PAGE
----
El-Banna represents a school of thought that argues for women’s right from within Islam itself. This growing type of discourse, labeled Islamic feminism, revolves around the need to address women’s issues through rereading of the Muslim holy texts. Contrary to what some secular Arab feminists assert in terms of the responsibility of religion—even beyond Islam itself19—in producing the problems targeting women, this approach argues that Islam has been misused and misinterpreted. While this might be understood as an apologetic response to criticisms involving Islam,20 the proponents emphasize that this approach is not only valid in theory, but is also effective in practical terms. Islamic feminism becomes a movement where intellectual and academic efforts meet activist initiatives seeking to empower women, taking Islam as a reference point. This type of feminism uses concepts, methodologies, and approaches that include both those that have traditionally been advanced by Islamic understandings, and those that exist outside of Islam.21 What this means is that an Islamic feminist would use, for example, the tools of exegesis usually used by Muslim jurists, but would not mind the use of the philosophical underpinnings of mainstream feminism.
Islamic feminists acknowledge the existence of deep problems impacting women in Arab and Islamic societies. Women have long been excluded from participation in the public sphere in Muslim societies, and much of the rationale that has misguidedly been used relates to arguments that such exclusion is sanctioned by Islam itself. Part of the problem lies in the fact that some people who consider themselves “guardians of the truth,” almost exclusively male, have often monopolized a monolithic understanding about the recommended position of women in the public sphere including how they should behave in the presence of males. Islamic feminists do not take everything interpreted on behalf of Muslim women at face value, as “Muslim women are demanding equal access to scriptural truth.”22 Women have been mostly deprived, as many Islamic feminists argue, from such access, and this has had devastating effects on their well-being including their ability to be present in the public space that is mostly occupied by males. Male interpretations have led in many cases to practices that had left women behind.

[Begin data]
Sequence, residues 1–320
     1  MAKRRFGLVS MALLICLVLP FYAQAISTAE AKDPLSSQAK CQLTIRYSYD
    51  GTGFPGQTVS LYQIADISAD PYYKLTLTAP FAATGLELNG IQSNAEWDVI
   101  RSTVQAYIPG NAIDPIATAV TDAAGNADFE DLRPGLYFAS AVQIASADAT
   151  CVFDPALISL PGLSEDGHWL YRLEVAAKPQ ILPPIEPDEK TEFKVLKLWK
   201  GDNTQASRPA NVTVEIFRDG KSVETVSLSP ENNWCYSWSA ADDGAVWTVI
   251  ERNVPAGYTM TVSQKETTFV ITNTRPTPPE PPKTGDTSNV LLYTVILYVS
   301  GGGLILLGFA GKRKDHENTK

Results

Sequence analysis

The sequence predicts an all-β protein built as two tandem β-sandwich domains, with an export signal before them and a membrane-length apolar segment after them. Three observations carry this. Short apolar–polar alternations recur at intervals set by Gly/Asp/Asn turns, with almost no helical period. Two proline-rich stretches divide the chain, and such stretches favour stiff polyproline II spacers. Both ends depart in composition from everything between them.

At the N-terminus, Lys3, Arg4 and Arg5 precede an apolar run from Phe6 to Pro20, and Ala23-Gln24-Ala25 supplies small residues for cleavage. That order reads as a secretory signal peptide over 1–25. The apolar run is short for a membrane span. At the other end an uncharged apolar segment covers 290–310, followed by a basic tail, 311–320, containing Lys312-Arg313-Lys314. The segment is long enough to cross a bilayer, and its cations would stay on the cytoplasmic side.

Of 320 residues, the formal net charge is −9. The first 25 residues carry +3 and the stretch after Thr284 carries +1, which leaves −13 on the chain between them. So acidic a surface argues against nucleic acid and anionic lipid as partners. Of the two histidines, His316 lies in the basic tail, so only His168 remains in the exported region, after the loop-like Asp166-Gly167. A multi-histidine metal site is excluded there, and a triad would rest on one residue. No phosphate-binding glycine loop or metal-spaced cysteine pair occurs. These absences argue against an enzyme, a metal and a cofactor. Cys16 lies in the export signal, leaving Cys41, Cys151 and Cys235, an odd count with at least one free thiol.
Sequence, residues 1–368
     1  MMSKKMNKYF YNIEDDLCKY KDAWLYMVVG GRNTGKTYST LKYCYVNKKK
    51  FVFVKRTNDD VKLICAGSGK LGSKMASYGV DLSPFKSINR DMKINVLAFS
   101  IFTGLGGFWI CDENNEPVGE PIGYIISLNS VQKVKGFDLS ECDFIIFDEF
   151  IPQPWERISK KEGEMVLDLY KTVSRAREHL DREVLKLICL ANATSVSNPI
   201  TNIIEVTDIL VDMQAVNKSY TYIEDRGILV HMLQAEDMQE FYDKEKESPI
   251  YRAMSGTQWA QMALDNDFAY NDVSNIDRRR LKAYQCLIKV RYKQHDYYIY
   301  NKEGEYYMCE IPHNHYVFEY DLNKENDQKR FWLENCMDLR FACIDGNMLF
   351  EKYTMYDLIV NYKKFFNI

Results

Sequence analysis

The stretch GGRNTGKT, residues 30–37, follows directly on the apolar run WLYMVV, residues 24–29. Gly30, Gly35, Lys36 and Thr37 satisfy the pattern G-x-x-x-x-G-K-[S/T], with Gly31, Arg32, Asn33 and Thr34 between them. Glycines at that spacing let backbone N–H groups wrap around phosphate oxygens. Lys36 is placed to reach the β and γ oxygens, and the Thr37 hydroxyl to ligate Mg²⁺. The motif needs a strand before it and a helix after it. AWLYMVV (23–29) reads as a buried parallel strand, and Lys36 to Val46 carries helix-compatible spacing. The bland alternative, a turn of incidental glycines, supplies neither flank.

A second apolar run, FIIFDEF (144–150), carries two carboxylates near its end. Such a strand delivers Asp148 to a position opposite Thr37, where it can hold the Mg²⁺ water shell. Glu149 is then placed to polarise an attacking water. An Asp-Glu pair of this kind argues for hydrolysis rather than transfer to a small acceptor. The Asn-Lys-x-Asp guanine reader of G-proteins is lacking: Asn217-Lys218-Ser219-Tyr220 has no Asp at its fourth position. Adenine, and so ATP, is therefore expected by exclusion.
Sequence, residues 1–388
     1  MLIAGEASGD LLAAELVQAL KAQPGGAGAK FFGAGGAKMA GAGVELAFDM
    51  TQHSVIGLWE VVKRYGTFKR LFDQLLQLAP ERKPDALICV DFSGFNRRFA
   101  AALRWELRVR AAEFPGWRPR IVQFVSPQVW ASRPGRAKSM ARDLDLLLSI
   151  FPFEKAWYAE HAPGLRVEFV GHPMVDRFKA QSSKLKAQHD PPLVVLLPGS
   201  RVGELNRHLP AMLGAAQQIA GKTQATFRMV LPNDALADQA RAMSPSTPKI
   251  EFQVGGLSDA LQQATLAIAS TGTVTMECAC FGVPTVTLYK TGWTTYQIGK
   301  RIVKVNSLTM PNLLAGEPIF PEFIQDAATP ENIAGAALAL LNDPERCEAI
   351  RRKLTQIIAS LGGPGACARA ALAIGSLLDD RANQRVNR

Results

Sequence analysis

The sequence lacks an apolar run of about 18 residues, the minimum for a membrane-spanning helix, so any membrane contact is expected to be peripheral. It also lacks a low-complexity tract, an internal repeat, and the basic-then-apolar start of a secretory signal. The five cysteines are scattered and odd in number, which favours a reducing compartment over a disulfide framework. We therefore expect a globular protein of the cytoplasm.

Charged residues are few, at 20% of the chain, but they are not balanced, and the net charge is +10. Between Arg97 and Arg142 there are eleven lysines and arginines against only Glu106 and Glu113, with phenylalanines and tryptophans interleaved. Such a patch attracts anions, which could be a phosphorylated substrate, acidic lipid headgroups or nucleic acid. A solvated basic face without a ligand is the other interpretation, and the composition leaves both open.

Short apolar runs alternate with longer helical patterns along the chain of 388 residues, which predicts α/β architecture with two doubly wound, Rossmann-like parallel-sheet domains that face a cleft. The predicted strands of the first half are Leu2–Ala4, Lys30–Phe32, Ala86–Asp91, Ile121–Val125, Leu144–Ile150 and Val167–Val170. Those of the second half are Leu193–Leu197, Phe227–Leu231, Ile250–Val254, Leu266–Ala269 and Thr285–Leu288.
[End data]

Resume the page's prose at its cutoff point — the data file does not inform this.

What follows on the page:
Many Islamic feminists acknowledge that the situation of Arab and Muslim women is a multi-faceted problem, but part of the puzzle can be explained by how the holy texts have been understood. Interestingly, more women are getting involved in the reinterpretation of the Qur’an including cases in Saudi Arabia itself.23 Such attempts would move the interpretation into becoming a more gender-balanced one or a “gender-sensitive reading of Qur’anic Exegesis.”24
In tackling the issue of monopolizing interpretations, Nazira Zainuldin (1908-1976), a Lebanese author and activist, emerges as a key figure who challenged monolithic interpretations of the religious texts. She criticizes the historical framing done by men: “women are more worthy of interpreting verses that have to do with women’s duties and rights than men, for they are the ones that are directly addressed.”25 Other Islamic feminists refer to readings ofthe Qur’an that engender female repression,26 ones that have been erroneously used to propagate perspectives not cognizant ofthe plights and rights ofwomen. In sum, Islamic feminists assert that there is a need “to offer a reading that confirms that Muslim women can struggle for equality from within the framework of the Qur’an’s teachings... To identify Islam inseparably with oppression is to ignore the reality of misreadings of the sacred text. ”27
From the above discussions, one finds a lively and dynamic analysis that argues for women’s rights, but does so from within the holy text itself. The over-riding common factor among most such discourses is that the text is believed to offer no implications that should lead to discrimination against women.